curity devices. In an empty industrial facility on a bright March morning in 2004, a team of three Accenture consultants demonstrated a new concept in border security to a U.S. government delegation. Scanning the fingerprints of the government officials, taking their digital photographs, and inserting an rfid tag into their passports, the Accenture “mock” border used a vehicle speeding past the security scanner to prove their concept: the scanner “read the digital information contained on the rfid chips of all four government officials in the vehicle, displaying their pictures on an electronic billboard as they passed by.”92 Most often depicted as a locative device that “animates” otherwise inert objects, rfid appears to hold out the possibility of locating and securing things on the move, securing in and through mobility itself. In this chapter I show that technologies of mobile identification are, in fact, merely geographical systems of address (Thrift 2004) to be understood in the context of other historical codes of address, from Morse code to barcode.93 Heeding Jane Bennett’s compelling reminder that we consider the vibrancy and active capacities of all things, and not only as animated by or instrumental to human design, I attend to the liveliness and life of security devices.94 Thus it is that the small coiled tags, now present in many national passports, do not merely echo the traces of the movements left behind by security’s subjects but instead dwell within actions of people, objects, places, and things. the very trans­ In chapter 5, the opening of part 3, I turn to the question of the aesthetics of a politics of possibility. From the screens of software designers looking for the ultimate visual array of data connections to the everyday visualities of suspicion in public vigilance programs such as “if you see something, say something,” the politics of possibility invites attentiveness to the affective judgments of something that “feels right” or “looks out of place.” Focusing on the development of techniques to visualize risk in crowded public places, I take as my illustrative route into this problem the curious juxta­ position of eighteenth-­ century English artist William Hogarth’s The Analysis of Beauty and twentieth-­ century theoretical quantum mechanics. How does a person or form of interest come to be singled out and acted upon? What are the distinctive forms of profiling at work, and how do they act on the outline profile of a person? Do such techniques represent novel and slippery forms of racial prejudice that judge on the basis of what the dhs terms “behavior and not background”? In each of the chapters of this book I am concerned with not only drawing out the nature of the contemporary politics of possibility but also sug introduction  25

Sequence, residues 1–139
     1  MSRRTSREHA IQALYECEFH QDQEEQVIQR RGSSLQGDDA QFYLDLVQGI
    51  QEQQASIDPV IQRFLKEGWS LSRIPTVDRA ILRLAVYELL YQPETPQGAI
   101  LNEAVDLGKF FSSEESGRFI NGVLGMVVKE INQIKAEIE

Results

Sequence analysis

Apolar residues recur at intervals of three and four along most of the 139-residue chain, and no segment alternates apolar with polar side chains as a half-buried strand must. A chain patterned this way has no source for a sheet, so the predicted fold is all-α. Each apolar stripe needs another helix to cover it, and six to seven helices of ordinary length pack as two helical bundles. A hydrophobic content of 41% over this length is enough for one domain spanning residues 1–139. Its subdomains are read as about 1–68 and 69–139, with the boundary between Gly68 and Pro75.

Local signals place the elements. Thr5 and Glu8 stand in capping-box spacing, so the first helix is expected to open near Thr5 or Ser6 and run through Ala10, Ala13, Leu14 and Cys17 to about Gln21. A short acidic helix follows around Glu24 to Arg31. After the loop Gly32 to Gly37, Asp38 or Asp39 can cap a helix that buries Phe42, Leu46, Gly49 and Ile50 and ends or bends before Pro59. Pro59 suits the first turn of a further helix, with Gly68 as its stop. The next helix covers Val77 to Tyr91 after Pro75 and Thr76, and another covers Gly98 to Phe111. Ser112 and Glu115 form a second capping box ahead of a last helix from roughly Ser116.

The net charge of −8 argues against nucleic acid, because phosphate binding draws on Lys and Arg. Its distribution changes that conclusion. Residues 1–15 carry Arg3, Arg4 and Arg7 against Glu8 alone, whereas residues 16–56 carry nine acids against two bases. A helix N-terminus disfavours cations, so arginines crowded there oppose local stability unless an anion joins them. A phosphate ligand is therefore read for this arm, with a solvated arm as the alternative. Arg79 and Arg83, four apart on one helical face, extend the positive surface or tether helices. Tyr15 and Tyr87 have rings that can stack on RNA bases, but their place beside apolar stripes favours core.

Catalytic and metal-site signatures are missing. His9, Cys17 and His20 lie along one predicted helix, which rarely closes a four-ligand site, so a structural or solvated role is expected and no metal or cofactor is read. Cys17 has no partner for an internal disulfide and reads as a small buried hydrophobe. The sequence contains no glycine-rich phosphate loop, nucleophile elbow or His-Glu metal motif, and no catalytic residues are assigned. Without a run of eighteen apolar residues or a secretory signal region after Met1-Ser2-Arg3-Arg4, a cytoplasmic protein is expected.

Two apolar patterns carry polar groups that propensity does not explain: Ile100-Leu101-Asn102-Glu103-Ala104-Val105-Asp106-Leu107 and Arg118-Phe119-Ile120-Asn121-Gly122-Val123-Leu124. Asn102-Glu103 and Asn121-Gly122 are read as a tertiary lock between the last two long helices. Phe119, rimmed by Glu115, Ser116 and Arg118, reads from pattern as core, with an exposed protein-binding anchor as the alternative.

gesting its contingency and fragility, its necessary incompleteness and inherent contestability. If the task of mapping the contours of the politics of possibility is one that involves a careful and detailed probing of complex relations of power, then it is also one that must necessarily engage with the always copresent relations of dissent and resistance. As Gilles Deleuze has put the problem, “life becomes resistance to power when power takes life as its object . . . the two operations belong to the same horizon.”95 Understood in this way, the exercise of power at a threshold of what is possible must always and at the same time implicate relations of resistance at that same threshold, the two knotted together unless and if only power itself ceases to be. In chapter 6 I make a distinction, following Deleuze, between the politics of possibility and a politics of potentiality. Arguably critique is made extraordinarily difficult when the very terrain of criticism—that which escapes, the excess, the return, the mistake and error—becomes incorporated within the security technique itself. Though acting on human potentialities and proclivities is itself becoming a ubiquitous mode of governing contemporary life, this is a form of governing that can only act on a potentiality that is already actualized as a possibility—a plane that would have been boarded, a border that would have been crossed, a future violence that would have been fully realized. There are other forms of potentiality flourishing in the interstices of this way of governing life itself, forms of potentiality that are incipient, never fully grasped or realized. Drawing on examples of art installations and novels that are intrigued by the lively engagements of security technologies in the contemporary city, I explore the plural and fleeting interruptions in the politics of possibility.